Story six is “On Neutral Ground” by Nancy Hansen.” Serilda is the hero here, a chieftain of her people who are at war with the “Ivari,” a race that strikes me as similar to the concept of Frost Giants. The human war with the Ivari is a battle to the death, with extinction the fate of the loser. There are elements here of the mythic human war in ancient times against the “fey,” which was mined so beautifully by Poul Anderson in his “Broken Sword.” Very well written.
Story seven is by Tim Hanlon, another name I recognize, although I don’t believe he’s been writing very long. The title here is “The Swordsman and the Sea Witch.” Harkan the Swordsman takes passage aboard a ship, which is soon attacked by pirates. The pirates win the battle but their ship is sunk, and now the wind dies way, leaving the survivors becalmed, including Harkan. Death soon comes slithering from the waves. The Sea Witch of the story is not the monster, however, but the pirate captain, and she and Harkan must work together to find a way to survive. A very fine tale.
Frank Sawielijew is the author of story eight, which has the longish title of “The Necromancer and the Long-Dead King.” This is certainly a candidate for my favorite story in the collection. It features an unusual main character and pairs her with a combination hero/villain against a true evil. Well written and intriguing.
Story nine is “Lady in Stone” by Cliff Hamrick. I’ve known Cliff a while but this is the first story I’ve read by him. I’m sure it won’t be the last. Jarek is another unusual hero, and the story has touches of mystery to season the action and sorcerous horror. A well done piece.
Story ten is by J. Thomas Howard and is called “O Sapphire, O Kambria.” The setting here is pretty unique and I’m curious to learn more about this world, which seems to be a kind of future earth in which dinosaurs have been brought back and taken over. Shades of Jurassic World, perhaps. Great setting for plenty of interesting tales, I should think. Enjoyed this one.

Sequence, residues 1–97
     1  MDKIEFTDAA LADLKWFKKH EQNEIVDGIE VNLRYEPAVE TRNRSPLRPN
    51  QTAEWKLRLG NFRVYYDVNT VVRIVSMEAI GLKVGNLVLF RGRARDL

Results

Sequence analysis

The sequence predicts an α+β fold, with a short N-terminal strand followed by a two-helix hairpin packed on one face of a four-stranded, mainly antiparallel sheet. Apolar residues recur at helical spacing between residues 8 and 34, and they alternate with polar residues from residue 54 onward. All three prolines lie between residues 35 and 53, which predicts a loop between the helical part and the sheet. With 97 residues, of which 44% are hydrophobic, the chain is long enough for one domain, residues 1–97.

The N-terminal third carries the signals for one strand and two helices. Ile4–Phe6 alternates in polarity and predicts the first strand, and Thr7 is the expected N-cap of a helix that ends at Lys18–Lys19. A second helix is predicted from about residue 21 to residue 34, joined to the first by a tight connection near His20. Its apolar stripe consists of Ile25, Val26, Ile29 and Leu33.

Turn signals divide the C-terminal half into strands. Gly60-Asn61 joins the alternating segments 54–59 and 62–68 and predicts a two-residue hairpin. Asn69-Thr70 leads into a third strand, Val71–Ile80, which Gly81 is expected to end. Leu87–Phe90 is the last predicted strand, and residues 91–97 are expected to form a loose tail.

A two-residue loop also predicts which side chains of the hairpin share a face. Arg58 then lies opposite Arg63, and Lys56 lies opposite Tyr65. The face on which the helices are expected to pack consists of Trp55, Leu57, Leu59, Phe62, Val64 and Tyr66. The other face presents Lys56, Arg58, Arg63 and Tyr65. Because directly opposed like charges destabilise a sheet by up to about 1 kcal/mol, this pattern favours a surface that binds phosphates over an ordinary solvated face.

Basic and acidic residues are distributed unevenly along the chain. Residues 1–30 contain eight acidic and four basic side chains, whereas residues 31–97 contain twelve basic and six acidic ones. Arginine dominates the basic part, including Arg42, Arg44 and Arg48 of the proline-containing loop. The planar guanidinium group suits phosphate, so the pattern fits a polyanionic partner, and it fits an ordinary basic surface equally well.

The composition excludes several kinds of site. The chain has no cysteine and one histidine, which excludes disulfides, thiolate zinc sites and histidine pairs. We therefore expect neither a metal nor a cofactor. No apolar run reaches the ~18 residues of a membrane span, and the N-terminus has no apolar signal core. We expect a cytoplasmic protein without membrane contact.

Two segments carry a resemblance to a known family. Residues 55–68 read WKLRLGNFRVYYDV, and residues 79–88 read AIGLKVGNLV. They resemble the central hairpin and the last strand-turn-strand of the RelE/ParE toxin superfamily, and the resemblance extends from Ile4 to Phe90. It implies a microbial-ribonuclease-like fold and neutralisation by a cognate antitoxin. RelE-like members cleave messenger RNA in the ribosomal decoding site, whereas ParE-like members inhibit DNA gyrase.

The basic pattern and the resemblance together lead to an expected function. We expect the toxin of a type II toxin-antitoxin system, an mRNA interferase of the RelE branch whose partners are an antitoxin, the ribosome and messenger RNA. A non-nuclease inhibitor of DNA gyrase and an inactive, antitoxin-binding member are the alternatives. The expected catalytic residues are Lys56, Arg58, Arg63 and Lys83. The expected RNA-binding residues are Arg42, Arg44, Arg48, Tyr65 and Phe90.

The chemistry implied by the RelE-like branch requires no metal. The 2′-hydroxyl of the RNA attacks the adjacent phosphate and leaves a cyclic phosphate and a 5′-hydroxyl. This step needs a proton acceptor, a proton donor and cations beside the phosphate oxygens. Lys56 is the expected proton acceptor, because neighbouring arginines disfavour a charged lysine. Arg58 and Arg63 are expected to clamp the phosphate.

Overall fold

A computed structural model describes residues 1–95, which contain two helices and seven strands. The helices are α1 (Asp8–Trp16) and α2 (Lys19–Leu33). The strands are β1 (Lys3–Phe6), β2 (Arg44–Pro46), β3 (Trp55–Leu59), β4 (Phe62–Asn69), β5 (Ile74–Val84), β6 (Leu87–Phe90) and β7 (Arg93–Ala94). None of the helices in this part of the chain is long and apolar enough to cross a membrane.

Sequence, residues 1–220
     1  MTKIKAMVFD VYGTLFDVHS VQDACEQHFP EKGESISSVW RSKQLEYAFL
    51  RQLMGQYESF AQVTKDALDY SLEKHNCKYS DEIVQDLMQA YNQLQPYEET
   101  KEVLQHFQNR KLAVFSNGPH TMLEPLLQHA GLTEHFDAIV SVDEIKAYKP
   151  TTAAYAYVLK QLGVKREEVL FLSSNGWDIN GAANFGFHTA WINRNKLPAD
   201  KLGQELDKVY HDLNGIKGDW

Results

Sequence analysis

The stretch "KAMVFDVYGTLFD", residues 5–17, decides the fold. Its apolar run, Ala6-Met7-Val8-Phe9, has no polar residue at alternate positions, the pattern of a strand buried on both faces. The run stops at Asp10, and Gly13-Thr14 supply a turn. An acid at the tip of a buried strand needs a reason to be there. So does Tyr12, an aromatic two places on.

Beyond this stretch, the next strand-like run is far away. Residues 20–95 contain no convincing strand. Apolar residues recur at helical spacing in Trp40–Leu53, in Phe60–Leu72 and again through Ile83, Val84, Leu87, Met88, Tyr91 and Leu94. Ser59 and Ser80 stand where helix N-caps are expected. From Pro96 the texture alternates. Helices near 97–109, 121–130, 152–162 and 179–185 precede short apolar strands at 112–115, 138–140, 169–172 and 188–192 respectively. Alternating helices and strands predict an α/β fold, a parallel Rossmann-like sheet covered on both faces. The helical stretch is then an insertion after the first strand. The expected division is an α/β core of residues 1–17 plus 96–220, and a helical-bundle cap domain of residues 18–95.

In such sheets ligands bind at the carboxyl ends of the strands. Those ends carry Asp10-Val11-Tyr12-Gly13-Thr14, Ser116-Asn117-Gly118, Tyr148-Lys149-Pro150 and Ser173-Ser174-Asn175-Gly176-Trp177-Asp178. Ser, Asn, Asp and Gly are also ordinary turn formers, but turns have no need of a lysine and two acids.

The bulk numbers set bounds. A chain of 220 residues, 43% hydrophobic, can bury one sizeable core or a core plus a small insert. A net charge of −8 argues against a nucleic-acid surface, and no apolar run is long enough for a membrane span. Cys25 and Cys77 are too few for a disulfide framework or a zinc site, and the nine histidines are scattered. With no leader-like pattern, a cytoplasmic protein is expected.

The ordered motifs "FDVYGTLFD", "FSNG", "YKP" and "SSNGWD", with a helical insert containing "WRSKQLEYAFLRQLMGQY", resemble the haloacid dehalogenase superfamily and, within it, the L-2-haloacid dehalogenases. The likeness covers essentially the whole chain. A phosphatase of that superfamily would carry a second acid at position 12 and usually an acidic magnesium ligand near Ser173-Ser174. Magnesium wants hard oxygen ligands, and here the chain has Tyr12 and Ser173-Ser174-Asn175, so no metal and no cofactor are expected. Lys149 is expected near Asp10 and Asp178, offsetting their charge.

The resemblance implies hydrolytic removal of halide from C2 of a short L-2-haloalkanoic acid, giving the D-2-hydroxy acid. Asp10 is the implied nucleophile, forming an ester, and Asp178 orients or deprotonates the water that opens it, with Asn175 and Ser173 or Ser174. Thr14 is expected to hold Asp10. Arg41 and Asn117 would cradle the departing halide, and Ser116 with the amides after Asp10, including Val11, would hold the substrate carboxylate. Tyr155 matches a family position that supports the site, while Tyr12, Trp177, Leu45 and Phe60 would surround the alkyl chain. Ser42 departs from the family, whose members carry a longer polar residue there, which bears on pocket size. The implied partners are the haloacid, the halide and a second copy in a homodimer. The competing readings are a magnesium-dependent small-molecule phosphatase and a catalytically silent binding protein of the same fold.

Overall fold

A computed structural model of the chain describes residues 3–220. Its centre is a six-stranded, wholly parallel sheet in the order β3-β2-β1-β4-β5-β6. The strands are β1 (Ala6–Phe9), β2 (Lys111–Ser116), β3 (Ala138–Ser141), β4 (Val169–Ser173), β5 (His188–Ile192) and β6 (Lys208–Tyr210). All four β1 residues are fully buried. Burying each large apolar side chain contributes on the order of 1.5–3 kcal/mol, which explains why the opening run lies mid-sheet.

Story eleven is by David A. Riley and is called “Welgar the Cursed.” Riley is a professional editor and publisher who has done much to revitalize heroic fantasy with his “Sword & Sorceries” series of anthologies. He has also produced plenty of good tales himself. Welgar is “god-ridden,” a trope that has been used to great effect by several writers, including Janet Morris with her Tempus tales. I’ll definitely be seeking out more Welgar tales.
Adrian Cole closes the anthology with his “Ride the Fire Steed.” I remember reading Cole’s awesome Dream Lord trilogy published in the 1970s so to share a TOC with him is a pleasure and an honor. (It’s the second time it’s happened.) And Cole is still knocking stories out of the park. This is an exciting and action filled piece to end the anthology on.
But wait, there’s more: There are some brief bios of the authors, and a really interesting round table discussion about Sword & Sorcery, moderated by Lyndon Perry and involving Adrian Cole, Cora Buhlert, Curtis Ellet, D. M. Ritzlin, an old pal from REHupa named Morgan Holmes, P. Alexander, Richard Fisher, and William Miller. Some fun discussion.
In closing, I much enjoyed this anthology and believe it makes an important contribution to the revival of the heroic fantasy genre that we’ve been experiencing of late. See if you don’t feel the same.